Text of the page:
I was recently contacted by a local resident asking about technology designed to reduce wildlife being killed on roads.
I made some enquiries and can confirm that there are ‘virtual fencing devices deployed along a section of Gap Creek Road, Kenmore Hills. This technology is being trialled across an area extending from the corner of Brookfield Road for approximately 1.75 kms along Gap Creek Road. The trial is assessing the technology to determine whether it is effective in preventing vehicle collisions with large vertebrate fauna, such as feral deer.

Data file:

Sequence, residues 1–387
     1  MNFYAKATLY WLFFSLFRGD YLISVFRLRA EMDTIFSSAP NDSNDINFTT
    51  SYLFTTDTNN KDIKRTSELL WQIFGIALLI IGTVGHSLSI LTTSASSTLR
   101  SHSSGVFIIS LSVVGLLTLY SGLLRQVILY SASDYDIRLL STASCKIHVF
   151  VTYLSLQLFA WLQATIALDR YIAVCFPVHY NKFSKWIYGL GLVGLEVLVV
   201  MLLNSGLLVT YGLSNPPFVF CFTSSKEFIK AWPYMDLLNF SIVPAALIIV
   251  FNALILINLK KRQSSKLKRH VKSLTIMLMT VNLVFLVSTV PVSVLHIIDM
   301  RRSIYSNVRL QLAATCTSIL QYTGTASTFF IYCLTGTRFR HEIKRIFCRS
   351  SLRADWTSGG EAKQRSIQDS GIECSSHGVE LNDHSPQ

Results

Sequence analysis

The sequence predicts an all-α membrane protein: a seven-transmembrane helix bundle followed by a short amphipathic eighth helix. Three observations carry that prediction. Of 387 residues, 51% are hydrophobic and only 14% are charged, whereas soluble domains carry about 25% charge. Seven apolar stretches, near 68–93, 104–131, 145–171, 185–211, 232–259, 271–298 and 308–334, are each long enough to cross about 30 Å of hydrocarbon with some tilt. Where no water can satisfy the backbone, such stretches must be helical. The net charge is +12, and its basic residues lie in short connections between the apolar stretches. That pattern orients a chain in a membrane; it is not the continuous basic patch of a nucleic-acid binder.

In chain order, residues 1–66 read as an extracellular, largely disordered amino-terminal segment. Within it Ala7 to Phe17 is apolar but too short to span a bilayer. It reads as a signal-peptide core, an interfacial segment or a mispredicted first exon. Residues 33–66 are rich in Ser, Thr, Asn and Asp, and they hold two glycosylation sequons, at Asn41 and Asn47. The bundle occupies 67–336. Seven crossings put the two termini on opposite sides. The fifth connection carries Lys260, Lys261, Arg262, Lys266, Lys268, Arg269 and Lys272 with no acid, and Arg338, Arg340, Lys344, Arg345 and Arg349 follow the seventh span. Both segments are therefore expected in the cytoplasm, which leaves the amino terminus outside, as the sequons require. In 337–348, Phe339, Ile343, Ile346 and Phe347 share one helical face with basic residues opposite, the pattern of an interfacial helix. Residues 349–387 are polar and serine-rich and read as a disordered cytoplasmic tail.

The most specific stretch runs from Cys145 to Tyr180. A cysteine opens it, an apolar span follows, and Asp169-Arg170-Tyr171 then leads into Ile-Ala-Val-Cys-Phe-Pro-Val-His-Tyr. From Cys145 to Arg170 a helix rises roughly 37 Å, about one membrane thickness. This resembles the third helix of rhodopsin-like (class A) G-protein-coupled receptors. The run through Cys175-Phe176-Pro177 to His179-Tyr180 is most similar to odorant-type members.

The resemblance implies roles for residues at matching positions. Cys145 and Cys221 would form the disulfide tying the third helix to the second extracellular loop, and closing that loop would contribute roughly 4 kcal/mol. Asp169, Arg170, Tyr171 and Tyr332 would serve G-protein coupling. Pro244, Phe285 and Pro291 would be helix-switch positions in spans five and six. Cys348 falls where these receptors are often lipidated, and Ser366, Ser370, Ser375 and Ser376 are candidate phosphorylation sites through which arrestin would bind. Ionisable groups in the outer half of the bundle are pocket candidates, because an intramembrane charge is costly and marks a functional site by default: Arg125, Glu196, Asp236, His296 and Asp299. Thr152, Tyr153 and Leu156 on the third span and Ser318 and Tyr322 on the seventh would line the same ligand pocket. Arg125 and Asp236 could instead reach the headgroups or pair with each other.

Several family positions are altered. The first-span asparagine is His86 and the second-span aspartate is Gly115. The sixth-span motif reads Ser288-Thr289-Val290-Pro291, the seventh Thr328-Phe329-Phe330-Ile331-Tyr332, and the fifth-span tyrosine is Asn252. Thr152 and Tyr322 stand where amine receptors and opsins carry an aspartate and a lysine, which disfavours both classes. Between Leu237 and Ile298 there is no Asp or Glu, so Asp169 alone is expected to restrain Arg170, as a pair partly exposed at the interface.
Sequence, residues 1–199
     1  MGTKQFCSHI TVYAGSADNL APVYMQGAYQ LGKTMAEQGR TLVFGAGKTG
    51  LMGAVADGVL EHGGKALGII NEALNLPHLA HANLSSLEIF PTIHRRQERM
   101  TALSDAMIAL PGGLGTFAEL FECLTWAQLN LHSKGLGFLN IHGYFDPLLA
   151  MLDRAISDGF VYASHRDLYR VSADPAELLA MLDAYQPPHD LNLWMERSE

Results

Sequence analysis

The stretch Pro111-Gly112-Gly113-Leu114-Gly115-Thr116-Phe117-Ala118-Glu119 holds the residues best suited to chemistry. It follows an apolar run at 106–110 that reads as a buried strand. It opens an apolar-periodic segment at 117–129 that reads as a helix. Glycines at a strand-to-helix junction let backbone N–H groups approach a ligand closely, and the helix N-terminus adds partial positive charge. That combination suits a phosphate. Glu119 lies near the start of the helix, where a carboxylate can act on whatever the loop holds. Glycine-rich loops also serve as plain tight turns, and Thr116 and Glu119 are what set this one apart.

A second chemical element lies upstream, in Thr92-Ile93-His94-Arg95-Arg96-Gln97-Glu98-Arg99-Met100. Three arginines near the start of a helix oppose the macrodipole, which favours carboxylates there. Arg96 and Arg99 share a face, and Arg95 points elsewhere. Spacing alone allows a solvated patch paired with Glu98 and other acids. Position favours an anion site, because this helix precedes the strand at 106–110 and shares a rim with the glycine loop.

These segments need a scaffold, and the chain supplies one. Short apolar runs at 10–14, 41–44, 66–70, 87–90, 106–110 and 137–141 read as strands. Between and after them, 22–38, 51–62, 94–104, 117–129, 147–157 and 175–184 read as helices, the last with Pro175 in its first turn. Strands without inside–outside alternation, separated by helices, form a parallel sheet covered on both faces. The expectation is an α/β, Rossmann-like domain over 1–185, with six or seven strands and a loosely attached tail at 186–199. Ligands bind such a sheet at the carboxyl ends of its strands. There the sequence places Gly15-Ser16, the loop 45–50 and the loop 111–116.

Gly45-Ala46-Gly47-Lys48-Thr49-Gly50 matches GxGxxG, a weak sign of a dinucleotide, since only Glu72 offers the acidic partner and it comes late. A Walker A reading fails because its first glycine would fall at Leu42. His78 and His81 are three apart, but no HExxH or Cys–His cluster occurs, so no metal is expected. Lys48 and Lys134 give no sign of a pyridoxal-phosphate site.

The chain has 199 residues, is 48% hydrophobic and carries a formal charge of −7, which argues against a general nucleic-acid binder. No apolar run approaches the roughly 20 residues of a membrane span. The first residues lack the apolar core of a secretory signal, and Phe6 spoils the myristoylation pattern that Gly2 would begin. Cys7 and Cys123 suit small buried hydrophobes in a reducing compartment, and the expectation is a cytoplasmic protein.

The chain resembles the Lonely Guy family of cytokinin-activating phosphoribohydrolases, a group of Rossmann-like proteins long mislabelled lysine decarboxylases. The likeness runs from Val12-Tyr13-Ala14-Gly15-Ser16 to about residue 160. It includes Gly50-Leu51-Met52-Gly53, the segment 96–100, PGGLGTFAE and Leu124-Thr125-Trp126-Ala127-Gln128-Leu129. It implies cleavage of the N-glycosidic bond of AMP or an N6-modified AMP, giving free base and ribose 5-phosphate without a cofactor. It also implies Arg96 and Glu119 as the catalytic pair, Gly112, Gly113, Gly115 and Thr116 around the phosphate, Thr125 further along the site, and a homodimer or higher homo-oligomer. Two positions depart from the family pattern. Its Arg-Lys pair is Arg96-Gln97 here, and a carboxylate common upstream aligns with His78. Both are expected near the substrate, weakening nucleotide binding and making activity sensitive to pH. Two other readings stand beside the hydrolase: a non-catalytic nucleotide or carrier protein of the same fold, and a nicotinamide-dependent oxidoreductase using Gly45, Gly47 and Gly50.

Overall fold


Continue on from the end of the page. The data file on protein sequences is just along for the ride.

The virtual fencing units emit a sound and have flashing LED lights, that are activated by the head lights of oncoming vehicles. This is designed to deter animals from crossing the road when vehicles are present at night. While the objective of this trial is specifically to reduce the risk posed by road users by deer, which are known to move through this area, it is not species specific, and may benefit other wildlife moving at night.
Unfortunately, not all sites are suitable for the installation of virtual fencing. It is only suitable on roads without curb and channel, and where residents are more than forty (40) meters from the roadsite. Should these units prove to be effective, consideration will be given to installing virtual fencing at other suitable locations.